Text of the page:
• Dhoni - Yes, he pulled off that smart stumping the other day, but his keeping, as I've said before, really needs to step up a gear. Parthiv Patel was jettisoned for not much more, and is now a much improved keeper, and a far more likely Test match batsman. Dying your hair black (how funny is that for an Indian cricketer?) isn't enough to retain your place in the side.
Hard to see India winning this game from here. In fact, it's already hard to see India saving it, unless they can rip through the English batting in the first session tomorrow morning.

Friday, March 17, 2006

Back to the real stuff

In the wake of the much-discussed batathon, it's refreshing to see some real Test match cricket going on around the world. A real contest between bat and ball is what it's all about, even if it is a little disappointing that most batsmen, reared on flat one-day tracks, are simply not up to the task. Of course, as I write this, Stephen Fleming is wading into Ian Bradshaw just so as to make me look foolish.

The Mumbai Test starting today promises to be no different, only in this case, the two teams are now firmly in Test match mode, and therefore might have that little bit extra to offer. Until now, for all the absentees, I felt it was Simon Jones whom England sorely missed, but the addition of Harmison to the crocked list puts them in a very difficult position.

India are debating whether to include the bowler who took 4 wickets on his debut a fortnight ago, Sreesanth, or the batsman who played the knock of 281 in the match, VVS Laxman. Either would likely play at the expense of Piyush Chawla.

Andy Flintoff, on the other hand, has to first decide whether to retain Liam Plunkett (who scored 0 and 1, and took 1-59 in 11 overs last week), or to replace him with James Anderson. Having done that, he then has to choose between Andseron, Ian Blackwell (who supposedly played the Test in Nagpur), Shaun Udal (who turns 37 tomorrow, and took 3 wickets in 3 Tests in Pakistan) and possibly Owais Shah (an unfulfilled talent in the Mark Ramprakash mould).

I know whose shoes I'd rather be in. For the record, I'd personally go with Kaif in place of Chawla for India, and Anderson and Owais Shah in place of Harmison and Plunkett for England. I know Duncan Fletcher wants 5 bowlers - but I think he'd be just as well served by using Ian Bell, Paul Collingwood and even Kevin Pietersen's pseudo-offies.

More likely we'll see Laxman in for India, and Udal and Plunkett for England to maintain their desired batting depth. I wonder if Duncan Fletcher realises that he's slowly going back to the utility player days of Dermot Reeve, Derek Pringle, Ronnie Irani, Adam Hollioake and co. It's an easy trap to fall into in the search for all rounders, and 'bowlers who can bat a bit.'

Tuesday, March 14, 2006

India vs. England: T2D5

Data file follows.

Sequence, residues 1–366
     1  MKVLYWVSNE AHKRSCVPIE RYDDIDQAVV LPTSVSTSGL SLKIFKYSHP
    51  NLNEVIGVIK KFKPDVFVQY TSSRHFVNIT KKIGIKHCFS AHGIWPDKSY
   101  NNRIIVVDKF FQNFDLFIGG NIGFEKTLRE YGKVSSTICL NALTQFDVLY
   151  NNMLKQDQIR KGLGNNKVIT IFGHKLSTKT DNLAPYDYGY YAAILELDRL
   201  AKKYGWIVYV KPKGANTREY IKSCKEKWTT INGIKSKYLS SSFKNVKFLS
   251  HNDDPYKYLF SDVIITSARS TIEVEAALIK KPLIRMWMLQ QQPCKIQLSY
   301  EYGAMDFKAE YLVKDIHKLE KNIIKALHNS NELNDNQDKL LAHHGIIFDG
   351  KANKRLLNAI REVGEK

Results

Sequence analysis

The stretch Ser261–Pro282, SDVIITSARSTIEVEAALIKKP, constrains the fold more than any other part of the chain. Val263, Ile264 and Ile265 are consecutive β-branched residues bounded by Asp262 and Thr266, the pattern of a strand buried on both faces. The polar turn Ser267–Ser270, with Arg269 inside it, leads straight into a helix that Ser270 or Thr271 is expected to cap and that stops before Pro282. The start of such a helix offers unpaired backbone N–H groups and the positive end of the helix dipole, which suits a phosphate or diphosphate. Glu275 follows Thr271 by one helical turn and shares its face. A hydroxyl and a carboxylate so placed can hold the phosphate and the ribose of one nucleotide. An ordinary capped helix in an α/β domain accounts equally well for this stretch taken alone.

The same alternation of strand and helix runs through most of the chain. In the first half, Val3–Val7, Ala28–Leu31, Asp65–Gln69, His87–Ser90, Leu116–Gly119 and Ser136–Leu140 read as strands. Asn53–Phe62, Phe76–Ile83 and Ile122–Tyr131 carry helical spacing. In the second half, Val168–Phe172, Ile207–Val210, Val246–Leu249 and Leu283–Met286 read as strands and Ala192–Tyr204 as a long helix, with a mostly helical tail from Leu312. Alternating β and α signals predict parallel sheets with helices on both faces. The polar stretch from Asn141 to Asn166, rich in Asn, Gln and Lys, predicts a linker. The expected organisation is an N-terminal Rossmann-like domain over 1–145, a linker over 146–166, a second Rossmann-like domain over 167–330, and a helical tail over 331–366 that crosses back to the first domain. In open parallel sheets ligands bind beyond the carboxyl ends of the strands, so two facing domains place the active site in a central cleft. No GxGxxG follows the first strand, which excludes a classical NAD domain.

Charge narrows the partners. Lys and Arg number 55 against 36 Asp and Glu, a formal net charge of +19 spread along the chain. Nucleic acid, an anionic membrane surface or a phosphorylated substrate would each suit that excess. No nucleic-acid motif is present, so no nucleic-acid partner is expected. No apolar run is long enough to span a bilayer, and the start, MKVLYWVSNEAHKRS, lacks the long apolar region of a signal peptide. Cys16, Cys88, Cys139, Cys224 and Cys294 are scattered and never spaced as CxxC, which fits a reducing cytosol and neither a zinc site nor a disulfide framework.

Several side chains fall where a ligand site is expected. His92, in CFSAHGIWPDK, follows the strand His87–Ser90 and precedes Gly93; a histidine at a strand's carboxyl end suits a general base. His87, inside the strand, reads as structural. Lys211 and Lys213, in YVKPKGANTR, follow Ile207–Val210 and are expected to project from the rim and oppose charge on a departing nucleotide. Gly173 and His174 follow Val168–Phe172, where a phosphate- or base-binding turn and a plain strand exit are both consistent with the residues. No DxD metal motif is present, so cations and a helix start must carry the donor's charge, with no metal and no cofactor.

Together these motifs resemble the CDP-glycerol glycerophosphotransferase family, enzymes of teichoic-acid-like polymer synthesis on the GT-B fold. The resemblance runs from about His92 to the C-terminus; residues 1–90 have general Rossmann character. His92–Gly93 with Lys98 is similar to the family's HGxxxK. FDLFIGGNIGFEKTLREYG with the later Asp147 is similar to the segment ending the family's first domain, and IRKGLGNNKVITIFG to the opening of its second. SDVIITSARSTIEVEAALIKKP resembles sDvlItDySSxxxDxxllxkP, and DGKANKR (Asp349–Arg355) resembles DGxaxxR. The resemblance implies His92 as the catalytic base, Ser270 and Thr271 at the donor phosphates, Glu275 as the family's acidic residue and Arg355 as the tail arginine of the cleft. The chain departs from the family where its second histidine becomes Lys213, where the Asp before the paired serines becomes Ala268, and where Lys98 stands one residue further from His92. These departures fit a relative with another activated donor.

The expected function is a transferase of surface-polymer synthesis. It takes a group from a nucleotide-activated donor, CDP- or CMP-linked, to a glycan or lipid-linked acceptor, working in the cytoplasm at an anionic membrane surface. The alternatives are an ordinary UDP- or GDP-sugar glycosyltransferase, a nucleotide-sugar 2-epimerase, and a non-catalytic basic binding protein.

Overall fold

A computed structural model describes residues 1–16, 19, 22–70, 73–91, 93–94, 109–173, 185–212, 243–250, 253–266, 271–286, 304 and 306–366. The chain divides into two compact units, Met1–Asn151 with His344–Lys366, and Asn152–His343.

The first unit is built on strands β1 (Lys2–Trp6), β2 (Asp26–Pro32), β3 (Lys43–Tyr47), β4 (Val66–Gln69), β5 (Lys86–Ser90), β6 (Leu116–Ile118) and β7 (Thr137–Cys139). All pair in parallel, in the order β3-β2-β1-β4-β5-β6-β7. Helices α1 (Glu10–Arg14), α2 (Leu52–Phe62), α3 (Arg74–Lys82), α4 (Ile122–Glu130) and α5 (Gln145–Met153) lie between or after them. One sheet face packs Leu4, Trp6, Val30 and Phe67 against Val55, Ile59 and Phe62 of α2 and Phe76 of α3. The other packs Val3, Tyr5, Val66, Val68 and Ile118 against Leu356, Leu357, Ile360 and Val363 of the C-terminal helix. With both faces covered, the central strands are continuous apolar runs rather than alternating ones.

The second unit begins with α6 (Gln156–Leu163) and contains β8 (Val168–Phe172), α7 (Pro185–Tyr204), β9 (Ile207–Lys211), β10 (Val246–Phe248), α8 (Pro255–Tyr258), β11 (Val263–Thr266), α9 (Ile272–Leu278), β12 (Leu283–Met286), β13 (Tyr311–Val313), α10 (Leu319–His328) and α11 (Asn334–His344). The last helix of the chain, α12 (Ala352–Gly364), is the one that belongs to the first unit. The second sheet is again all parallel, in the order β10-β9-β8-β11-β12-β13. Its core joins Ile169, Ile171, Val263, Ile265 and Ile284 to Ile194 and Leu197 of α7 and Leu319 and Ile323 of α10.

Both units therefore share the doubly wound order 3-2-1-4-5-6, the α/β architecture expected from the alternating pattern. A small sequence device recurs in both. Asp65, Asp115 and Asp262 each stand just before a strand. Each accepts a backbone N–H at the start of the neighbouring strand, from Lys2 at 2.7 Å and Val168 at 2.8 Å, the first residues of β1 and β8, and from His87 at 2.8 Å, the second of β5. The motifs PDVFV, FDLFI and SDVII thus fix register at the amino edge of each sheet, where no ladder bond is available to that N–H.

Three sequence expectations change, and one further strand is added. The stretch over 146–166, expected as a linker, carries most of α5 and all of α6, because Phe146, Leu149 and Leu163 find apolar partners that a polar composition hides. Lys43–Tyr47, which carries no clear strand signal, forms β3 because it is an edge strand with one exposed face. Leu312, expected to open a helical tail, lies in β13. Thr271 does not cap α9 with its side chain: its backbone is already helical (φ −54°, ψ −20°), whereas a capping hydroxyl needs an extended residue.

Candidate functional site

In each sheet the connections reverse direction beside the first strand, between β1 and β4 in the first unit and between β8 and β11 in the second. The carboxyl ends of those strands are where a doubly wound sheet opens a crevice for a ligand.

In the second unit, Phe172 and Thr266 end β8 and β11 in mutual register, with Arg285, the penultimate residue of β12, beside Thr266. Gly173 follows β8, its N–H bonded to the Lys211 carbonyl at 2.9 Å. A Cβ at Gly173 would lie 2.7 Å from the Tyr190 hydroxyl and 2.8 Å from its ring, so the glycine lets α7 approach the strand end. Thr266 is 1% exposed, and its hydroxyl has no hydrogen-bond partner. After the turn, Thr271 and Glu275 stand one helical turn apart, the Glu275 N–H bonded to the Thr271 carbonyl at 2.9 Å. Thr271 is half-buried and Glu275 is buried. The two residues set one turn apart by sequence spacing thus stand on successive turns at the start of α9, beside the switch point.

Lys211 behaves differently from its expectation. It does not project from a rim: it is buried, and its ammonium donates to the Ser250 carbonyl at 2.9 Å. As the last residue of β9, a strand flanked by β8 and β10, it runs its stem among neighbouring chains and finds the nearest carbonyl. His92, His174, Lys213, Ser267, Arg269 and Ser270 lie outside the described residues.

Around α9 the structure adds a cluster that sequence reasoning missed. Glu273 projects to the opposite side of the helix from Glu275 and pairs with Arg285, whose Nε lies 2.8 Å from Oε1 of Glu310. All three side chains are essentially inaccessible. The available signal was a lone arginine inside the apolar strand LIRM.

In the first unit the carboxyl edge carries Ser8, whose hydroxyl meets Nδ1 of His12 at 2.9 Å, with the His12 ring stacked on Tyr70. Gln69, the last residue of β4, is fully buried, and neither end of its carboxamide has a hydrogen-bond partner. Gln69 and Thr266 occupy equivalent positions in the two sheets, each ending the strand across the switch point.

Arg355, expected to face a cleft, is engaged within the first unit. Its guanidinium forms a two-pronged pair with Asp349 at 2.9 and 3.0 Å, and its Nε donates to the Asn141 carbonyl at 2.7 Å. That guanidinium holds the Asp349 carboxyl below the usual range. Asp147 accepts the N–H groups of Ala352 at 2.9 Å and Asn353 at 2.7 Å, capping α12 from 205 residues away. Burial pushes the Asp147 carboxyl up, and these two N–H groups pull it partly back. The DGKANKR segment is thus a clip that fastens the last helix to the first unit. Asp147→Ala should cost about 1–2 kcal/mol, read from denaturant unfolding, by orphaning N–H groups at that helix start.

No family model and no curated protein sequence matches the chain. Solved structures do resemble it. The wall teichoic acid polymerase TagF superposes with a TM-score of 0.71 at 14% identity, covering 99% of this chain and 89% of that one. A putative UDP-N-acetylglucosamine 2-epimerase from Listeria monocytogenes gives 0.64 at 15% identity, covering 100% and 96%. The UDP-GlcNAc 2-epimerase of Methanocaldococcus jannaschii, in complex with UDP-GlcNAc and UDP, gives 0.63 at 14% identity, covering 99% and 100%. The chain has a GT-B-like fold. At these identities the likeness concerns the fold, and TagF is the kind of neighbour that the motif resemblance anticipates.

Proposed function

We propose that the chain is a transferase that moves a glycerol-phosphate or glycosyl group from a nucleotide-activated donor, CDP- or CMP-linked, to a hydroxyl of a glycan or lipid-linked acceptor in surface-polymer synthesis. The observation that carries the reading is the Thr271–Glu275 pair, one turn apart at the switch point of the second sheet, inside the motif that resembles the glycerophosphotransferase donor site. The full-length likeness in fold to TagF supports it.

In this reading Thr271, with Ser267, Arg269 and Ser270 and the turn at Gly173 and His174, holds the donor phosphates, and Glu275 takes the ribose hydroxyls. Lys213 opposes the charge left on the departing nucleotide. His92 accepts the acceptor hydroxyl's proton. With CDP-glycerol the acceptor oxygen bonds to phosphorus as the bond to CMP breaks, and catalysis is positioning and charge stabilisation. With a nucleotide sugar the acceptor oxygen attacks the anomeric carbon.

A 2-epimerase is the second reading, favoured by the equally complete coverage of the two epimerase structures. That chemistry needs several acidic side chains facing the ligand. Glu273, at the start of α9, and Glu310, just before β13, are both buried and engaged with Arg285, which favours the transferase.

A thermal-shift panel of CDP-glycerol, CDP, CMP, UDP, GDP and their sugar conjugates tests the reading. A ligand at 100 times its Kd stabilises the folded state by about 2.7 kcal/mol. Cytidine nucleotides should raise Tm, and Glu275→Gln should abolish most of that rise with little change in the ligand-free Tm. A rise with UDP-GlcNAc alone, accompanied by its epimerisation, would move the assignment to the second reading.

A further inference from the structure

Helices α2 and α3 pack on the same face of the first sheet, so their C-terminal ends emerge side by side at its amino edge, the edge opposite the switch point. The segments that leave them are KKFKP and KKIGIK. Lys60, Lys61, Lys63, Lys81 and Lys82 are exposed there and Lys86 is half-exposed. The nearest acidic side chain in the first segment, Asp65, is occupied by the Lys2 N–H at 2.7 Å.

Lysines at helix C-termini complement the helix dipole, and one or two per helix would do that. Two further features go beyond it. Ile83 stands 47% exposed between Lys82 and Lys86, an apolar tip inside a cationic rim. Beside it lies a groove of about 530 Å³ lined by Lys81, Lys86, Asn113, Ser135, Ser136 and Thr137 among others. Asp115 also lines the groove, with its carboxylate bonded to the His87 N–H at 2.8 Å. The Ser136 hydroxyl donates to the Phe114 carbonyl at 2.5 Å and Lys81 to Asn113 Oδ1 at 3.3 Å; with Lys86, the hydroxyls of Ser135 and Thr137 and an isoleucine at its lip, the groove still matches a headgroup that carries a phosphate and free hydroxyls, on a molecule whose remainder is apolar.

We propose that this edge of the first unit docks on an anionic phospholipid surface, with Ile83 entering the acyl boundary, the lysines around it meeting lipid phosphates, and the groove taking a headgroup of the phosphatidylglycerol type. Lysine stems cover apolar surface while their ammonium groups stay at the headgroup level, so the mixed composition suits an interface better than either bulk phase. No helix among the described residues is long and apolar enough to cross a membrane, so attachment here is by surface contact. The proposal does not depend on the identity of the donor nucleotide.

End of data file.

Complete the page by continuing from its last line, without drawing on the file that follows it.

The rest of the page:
Short of time, so even briefer than usual comments on this one:

  • Virender Sehwag - has he turned an important corner here? A match-winning second innings knock, and it was obvious that he was fighting against natural instinct on several occasions. It's early yet, but this could be the first step in his change from attacking dynamo to great batsman.
  • Munaf Patel - 87mph inswinging yorkers. Reminds me of a bloke called Waqar Younis. Amusingly, Srinath felt India couldn't have asked more of him; but Deano was annoyed at the way he trundled in and took an over to warm up on Day 5. Once more, the difference in approaches highlighted.
  • The Pitch - hats off to the PCA. That was a brilliant cricket wicket. A touch of pace, bounce, and turn. Harmison (bounce/pace), Patel and Hoggard (swing and variation), Kumble (grip and turn) all had something to get excited about if they put in the effort, and at the same time, a quality batsmen could get himself set and play his shots. You couldn't ask for much more.
Mumbai of late has been a raging turner - so that could be a lot of fun. England have serious #8 problems - if I were them I'd be bringing in Owais Shah in place of Plunkett, given that he is arguably the best player of spin bowling in the England camp. India may bring back Kaif or Laxman in place of Chawla with a view to securing the series.

Sunday, March 12, 2006

Fleming vs. Richardson

Looks like there's a bit of disharmony in the Kiwi camp. Recent retiree, Mark Richardson, is now part of the media contingent, and was conducting an interview with skipper Stephen Fleming the other day. I'm sure the interview went well enough, but this outburst from Fleming once the cameras were supposed to be turned off was quite something.

India vs. England: T2D4

Of course, the whole world is talking about the South Africa vs. Australia batathon, which was remarkable indeed, but there was still some good stuff at Mohali: